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Energy for Sale

Energy products abound -- in drinks, herbs, bars, and some stranger forms -- goo, anyone? -- but some are better at giving you a lift, and some are bunk. Part 2 of a three-part series.

Herbs and Supplements continued...

Of the herbs used for energy, ginseng probably has the most research, but the studies are contradictory, says Haggans. Plus, she says there are different types of ginseng, and the investigators don't always make it clear what kind was used in studies.

Asian ginseng, also known as Panax ginseng, is generally known as a stimulant and has been used by older people seeking more energy, says Andrew Weil, author of 8 Weeks to Optimum Health. The Asian variety also has a reputation as a sexual enhancer for men and has been used to improve athletic performance.

American ginseng, on the other hand, is used more as a tonic and is known to increase immunity over time, says Weil.

The herbs guarana and yerba mate are rich sources of caffeine. They stimulate the central nervous system, much like coffee does. The caffeine "may be helpful for mental alertness, and possibly for weight loss," says Haggans. But there have not been many studies on the herbs, separate from the effects of caffeine.

Rhodiola rosea has been used in Sweden and Denmark as an anti-fatigue supplement. There is some evidence it improves aspects of mental and physical performance, but other than that, we don't know a lot about the herb, says Haggans.

Rhodiola is often combined with cordyceps mushroom, another herb that has had little scientific research. Cordyceps mushroom by itself and the combined formula of cordyceps and rhodiola have been tested on athletic performance, and the results have been contradictory.

There are benefits to taking cordyceps mushroom, says Weil. It can reportedly provide energy to older people who have been debilitated by age or illness and to young athletes who need a boost in performance.

If you are considering the use of an herb or a supplement, it's best to first check with your doctor. Some plant compounds, no matter how natural, can interact with drugs and may have some adverse effects.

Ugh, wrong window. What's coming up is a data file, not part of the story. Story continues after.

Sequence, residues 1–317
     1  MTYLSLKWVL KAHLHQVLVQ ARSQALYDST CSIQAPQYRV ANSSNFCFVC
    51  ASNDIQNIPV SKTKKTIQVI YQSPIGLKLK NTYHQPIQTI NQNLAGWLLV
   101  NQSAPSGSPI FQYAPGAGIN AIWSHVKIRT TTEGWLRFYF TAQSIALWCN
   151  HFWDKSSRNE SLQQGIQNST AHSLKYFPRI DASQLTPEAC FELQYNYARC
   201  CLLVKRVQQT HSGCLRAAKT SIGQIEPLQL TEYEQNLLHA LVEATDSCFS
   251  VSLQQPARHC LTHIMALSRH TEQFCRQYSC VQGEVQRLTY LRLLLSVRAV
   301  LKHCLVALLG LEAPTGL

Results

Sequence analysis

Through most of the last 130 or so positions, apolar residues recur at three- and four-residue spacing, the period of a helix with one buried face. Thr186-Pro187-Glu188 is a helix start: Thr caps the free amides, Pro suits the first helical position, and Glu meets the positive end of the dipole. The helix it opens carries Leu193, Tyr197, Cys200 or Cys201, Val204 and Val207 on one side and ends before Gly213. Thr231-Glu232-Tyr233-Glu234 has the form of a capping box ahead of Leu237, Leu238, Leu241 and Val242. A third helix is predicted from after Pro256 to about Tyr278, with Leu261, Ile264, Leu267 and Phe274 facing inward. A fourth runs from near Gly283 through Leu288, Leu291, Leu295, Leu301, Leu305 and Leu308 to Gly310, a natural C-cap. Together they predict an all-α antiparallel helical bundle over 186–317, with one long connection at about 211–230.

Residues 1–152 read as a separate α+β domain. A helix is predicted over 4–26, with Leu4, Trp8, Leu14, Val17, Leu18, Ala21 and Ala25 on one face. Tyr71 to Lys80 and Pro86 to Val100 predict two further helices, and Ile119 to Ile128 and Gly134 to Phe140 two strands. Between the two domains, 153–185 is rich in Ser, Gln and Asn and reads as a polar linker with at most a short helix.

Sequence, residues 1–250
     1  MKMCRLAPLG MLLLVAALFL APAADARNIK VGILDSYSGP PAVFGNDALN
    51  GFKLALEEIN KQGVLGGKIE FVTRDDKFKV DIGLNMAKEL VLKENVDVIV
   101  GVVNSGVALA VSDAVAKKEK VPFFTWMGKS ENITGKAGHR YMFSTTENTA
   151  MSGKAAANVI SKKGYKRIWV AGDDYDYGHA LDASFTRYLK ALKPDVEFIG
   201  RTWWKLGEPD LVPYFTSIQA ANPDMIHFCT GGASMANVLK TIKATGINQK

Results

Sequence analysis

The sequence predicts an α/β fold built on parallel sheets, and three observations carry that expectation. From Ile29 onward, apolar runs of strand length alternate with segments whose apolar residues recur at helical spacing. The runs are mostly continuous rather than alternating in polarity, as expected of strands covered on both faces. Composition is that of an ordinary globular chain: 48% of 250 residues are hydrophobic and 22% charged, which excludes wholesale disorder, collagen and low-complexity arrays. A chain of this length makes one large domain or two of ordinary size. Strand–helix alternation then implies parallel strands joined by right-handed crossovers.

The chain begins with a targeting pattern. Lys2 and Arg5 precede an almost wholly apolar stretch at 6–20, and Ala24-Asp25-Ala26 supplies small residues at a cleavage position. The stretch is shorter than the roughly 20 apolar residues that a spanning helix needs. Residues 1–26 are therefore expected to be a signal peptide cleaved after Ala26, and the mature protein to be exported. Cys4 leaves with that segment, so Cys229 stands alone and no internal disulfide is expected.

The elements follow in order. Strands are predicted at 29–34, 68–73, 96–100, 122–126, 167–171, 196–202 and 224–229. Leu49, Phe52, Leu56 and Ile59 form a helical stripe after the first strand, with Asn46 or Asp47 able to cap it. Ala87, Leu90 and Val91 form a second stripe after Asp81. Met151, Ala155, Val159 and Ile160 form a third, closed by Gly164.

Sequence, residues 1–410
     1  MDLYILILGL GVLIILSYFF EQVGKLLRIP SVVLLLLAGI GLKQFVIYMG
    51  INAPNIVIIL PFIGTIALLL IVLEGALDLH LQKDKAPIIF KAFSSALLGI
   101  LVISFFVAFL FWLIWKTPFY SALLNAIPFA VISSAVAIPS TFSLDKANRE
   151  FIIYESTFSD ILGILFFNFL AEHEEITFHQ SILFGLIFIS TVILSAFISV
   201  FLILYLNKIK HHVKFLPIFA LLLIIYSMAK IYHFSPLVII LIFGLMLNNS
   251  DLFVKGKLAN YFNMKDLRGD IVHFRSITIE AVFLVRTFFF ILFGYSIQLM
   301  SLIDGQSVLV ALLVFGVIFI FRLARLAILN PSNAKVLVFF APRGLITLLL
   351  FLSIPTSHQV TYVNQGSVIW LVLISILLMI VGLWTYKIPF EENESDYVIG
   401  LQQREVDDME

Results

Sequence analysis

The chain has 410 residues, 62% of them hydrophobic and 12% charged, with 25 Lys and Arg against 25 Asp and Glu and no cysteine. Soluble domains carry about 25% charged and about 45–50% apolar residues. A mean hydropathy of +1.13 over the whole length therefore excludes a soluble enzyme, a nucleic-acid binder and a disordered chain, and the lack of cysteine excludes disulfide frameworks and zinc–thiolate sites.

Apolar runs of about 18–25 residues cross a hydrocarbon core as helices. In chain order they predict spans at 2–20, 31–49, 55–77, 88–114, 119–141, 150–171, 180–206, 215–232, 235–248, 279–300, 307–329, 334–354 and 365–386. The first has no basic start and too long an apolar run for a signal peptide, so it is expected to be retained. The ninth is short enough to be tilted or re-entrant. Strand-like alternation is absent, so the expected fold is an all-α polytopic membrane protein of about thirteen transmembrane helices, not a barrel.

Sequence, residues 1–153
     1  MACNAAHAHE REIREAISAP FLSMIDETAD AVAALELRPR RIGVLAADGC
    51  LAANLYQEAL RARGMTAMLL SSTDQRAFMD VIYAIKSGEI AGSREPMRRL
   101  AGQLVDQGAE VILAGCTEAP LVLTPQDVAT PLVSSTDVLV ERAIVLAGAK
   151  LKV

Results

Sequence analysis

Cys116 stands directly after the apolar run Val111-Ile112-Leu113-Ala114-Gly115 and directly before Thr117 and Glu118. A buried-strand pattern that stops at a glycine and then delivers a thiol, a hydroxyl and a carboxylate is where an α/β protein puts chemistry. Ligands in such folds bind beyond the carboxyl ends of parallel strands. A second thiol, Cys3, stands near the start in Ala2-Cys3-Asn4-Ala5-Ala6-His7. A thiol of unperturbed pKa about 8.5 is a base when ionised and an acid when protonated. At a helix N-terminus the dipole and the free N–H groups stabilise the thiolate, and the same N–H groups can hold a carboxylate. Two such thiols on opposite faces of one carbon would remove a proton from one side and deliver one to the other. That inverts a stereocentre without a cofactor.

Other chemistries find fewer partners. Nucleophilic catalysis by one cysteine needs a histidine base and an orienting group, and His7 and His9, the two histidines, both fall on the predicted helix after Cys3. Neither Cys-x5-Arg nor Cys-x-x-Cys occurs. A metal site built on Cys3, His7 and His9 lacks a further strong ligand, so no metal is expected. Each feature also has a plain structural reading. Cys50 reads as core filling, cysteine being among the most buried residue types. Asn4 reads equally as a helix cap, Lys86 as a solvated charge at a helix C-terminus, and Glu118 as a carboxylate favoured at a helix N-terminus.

Asian ginseng, for example, can raise blood pressure in those that are prone to hypertension, says Weil. Plus, Haggans says a recent study suggests the herb may reduce the effect of Coumadin (a blood thinner) and other drugs.

Another note of caution involves the herb yerba mate. There are observational reports that yerba mate, when used in large amounts or for prolonged periods, may cause cancer in the gastrointestinal tract.

Herbs are presumed to be safe until proven harmful. They are regulated more like foods, as opposed to drugs, says Haggans. The dietary supplement ephedra, used for weight loss or athletic performance, is one example of a plant compound that was pulled from the market following numerous reports of death and injury.

The Bottom Line on Energy Products

Energy bars, drinks, herbs, and supplements may be helpful in some instances, but they are not sure-fire remedies for fatigue. If in need of a boost, experts recommend a well-balanced diet.

"As long as you are eating a variety of foods -- in the spirit of the food guide pyramid -- you're going to be able to meet your nutrient needs," says Moore. "As long as you do that, your body is going to be able to carry out all of its functions in terms of transferring food into fuel with complete accuracy."

If a healthy diet is not helping with energy needs, examine the amount of sleep, exercise, and stress in your life. These factors, plus diseases and medications, can affect energy levels.

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Reviewed on August 30, 2005

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